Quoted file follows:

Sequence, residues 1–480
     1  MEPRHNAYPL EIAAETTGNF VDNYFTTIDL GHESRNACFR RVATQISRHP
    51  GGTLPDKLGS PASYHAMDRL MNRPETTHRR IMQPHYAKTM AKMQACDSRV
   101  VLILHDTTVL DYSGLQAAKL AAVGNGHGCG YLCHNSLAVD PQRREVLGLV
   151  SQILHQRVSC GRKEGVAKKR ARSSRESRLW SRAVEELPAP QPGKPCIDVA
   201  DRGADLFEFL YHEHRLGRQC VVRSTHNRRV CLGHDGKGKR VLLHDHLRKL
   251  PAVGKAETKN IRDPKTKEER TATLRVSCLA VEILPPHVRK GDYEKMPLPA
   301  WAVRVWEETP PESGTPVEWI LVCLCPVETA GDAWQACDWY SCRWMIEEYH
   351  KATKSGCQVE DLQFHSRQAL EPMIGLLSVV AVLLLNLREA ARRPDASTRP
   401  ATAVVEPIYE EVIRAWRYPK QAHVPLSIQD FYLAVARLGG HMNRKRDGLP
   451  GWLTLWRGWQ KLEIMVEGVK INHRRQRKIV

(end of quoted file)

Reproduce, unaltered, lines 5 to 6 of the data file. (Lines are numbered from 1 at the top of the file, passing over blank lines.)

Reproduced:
   151  SQILHQRVSC GRKEGVAKKR ARSSRESRLW SRAVEELPAP QPGKPCIDVA
   201  DRGADLFEFL YHEHRLGRQC VVRSTHNRRV CLGHDGKGKR VLLHDHLRKL